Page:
Well, I don’t know about you, but I’m on Jesus’ side here. And it may be because the story is written so that we take Jesus’ side; or it may be simply because he’s Jesus, so taking his side seems like a no-brainer. But then that means that I get frustrated with our politicians for doing the same thing that Jesus does quite frequently throughout his ministry. How do we reconcile wanting a straight answer from our leaders while also applauding the fact that Jesus often refuses to give a straight answer? Sure, there are definitely differences between talking around an answer and telling a story that clearly highlights the answer, but I think actually the main reason that we feel differently about politicians and Jesus is that there are two different types of questions – those that require a straight answer, and those that don’t – and that Jesus often answers the right questions appropriately, while our politicians do not.

 

What do I mean by this? Well, if somebody asks you what 2+2 is, or what the capitol of Greece is, they probably expect a straight answer. But if someone were to ask you what God looks like, or what it is like to be married, or to have a child, or even the simple question – do you believe in Jesus? – how might you answer that? Sure, you could give a straight answer – like, God is an old man with a beard; it’s tough being married; yes, I believe in Jesus – but these questions require more than that. They require an experience that is oftentimes too complex to put into words. That’s why Jesus doesn’t answer the question “are you the Messiah?” with a simple “yes” or “no”. Instead, he points to his works – the experience of traveling with Jesus and witnessing all that he says and all that he does – that is the answer to the question. You have to experience Jesus’ Messiahship in order to understand it – you can’t just be told one way or the other.

 

This, by the way, is the crux of John’s Gospel. If you read it very closely, you’ll notice that it is always the experience of Jesus that brings people to faith, and not just being told to believe in him. In fact, the event that takes place just before Jesus’ speech here is Jesus healing a man who was born blind. Jesus doesn’t say who he is – the man doesn’t even get to see him – but because of his experience of healing at the hands of Jesus, he believes. He goes from being completely blind – blind from birth! – to seeing clearer than the most well-regarded religious leaders of the day, including the Pharisees who question him about Jesus’ identity. And because of this, the Pharisees scoff at Jesus’ remarks that they are truly the blind ones. Jesus responds with this speech on the good shepherd, the hireling, the thief, the wolf, and the sheep.

 

What does it mean to be a sheep? Indeed, how does one become a good sheep? The word has taken on a less-than-admirable connotation; at least a couple of my atheist friends sneer in disdain at folks they like to call “sheeple”. According to their understanding, many Christians applaud the idea that we should do as we’re told and blindly follow the instructions of our religious leaders. They believe the metaphor of sheep and shepherd is a recipe for cult-like behavior and the abandonment of all good judgment. And to be honest, I agree with them – to an extent. I mean, there is a sense in American Christianity that it is wrong to question authority – particularly religious authority. There is a deference given to those in power. There is a resolution that we must be 100% sure of what we believe, else we not be faithful enough, even if what we believe clashes with our experience and understanding of the world. Indeed, there is something quite comforting about being able to follow blindly on the walk of faith, trusting that we are being looked after by those who have our best spiritual interest at heart. But folks, that’s not being a sheep. That’s being a lemming (by the way, I looked this up, and it is a popular misconception that lemmings follow each other off cliffs; but the metaphor is so popular and so widely recognized that I feel it is the best fit for my rhetorical needs here).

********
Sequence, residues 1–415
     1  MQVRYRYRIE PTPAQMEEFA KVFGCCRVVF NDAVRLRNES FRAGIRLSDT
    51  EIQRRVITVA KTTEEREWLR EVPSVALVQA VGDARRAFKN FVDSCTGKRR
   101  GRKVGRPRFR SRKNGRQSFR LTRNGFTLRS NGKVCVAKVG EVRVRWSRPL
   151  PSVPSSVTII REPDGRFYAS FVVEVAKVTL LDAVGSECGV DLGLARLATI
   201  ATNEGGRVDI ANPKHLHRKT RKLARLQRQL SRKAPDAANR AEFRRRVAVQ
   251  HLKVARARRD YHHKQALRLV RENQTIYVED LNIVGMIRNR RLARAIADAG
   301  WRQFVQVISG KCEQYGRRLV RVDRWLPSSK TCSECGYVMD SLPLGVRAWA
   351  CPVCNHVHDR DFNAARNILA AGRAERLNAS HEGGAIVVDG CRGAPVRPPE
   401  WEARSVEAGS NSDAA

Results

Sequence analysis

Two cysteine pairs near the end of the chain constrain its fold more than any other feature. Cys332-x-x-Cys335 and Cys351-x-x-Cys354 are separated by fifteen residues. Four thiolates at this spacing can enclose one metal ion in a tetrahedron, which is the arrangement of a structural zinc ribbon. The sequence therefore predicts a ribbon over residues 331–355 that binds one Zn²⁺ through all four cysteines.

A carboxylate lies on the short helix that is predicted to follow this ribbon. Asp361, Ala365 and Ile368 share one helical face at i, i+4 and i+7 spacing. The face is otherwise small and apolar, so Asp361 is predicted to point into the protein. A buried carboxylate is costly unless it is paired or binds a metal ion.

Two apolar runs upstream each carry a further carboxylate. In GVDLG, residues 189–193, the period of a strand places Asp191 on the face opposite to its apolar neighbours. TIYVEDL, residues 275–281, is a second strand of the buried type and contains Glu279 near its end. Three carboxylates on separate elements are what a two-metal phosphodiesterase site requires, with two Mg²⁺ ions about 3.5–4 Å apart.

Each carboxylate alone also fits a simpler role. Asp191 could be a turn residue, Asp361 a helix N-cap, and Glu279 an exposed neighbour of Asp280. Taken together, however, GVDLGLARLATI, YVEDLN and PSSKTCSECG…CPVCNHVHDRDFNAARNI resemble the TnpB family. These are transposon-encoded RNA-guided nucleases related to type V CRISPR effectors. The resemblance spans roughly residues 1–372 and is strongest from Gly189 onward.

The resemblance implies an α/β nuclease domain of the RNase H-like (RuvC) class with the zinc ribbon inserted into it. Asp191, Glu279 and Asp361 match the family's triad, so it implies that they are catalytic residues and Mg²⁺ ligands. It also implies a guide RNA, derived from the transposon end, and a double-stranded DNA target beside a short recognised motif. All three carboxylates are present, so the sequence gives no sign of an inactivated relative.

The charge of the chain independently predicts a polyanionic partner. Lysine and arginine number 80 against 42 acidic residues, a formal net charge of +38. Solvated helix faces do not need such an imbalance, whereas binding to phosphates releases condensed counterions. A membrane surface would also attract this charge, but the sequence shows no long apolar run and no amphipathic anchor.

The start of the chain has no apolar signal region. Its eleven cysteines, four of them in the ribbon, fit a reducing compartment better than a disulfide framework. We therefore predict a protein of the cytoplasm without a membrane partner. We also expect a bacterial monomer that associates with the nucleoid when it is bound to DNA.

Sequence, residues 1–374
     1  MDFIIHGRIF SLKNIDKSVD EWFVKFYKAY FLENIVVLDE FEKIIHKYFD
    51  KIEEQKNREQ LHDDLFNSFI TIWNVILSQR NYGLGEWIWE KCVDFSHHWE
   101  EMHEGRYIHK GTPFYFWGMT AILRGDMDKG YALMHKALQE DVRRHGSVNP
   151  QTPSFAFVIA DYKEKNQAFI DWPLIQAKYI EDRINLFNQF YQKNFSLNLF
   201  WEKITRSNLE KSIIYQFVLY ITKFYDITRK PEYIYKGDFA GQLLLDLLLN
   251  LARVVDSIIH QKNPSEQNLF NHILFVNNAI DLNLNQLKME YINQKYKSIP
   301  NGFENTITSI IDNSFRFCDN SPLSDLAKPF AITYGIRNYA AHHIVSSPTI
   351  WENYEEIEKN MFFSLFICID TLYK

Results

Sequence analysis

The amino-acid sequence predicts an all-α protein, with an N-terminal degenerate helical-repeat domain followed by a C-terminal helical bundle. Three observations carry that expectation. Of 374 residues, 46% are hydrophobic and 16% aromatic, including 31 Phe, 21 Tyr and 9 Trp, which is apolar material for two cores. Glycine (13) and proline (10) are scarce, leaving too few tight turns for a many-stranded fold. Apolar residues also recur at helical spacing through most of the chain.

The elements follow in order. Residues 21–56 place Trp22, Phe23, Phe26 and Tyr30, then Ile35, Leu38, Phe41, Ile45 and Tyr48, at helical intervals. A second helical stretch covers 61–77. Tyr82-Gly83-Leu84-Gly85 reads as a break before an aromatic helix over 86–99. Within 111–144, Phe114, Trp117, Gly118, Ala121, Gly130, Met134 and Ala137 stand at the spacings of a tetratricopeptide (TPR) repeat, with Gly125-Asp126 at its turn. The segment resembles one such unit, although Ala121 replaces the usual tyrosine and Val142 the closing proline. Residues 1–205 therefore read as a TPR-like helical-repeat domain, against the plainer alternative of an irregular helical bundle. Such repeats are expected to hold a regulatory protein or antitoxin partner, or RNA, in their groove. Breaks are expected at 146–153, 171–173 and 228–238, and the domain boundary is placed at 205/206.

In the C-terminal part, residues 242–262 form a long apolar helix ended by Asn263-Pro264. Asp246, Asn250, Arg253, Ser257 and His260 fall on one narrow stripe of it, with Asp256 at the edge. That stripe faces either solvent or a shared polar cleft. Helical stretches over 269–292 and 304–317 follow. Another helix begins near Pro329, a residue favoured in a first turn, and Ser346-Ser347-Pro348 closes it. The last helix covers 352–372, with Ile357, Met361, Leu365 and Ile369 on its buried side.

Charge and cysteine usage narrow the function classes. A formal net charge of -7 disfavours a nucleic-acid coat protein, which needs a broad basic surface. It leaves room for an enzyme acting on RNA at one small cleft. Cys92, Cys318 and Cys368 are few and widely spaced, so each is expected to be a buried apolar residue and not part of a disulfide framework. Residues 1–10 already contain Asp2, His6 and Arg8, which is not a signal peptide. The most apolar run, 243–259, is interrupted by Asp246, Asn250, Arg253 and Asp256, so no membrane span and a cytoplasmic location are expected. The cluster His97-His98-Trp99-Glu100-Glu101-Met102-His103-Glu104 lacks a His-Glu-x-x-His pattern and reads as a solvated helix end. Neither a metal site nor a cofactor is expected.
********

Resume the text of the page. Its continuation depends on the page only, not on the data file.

As we already know from the story about the blind man, sheep do not follow blindly. No, in truth, they can see more clearly than anyone else! Sheep are never content with following the first voice they happen to hear, but are instead always listening for and discerning the voice of the shepherd. Many sheep are leaders themselves, bringing others to faith by sharing their experiences of the shepherd. Sheep do not follow other sheep, but rather always rely on the voice of the shepherd to lead them home. Sheep do not let somebody else tell them what the shepherd has to say, because they are perfectly capable of hearing the shepherd themselves. And finally, sheep are extremely suspicious of straight answers when it comes to faith, because they know that the true shepherd never gives them.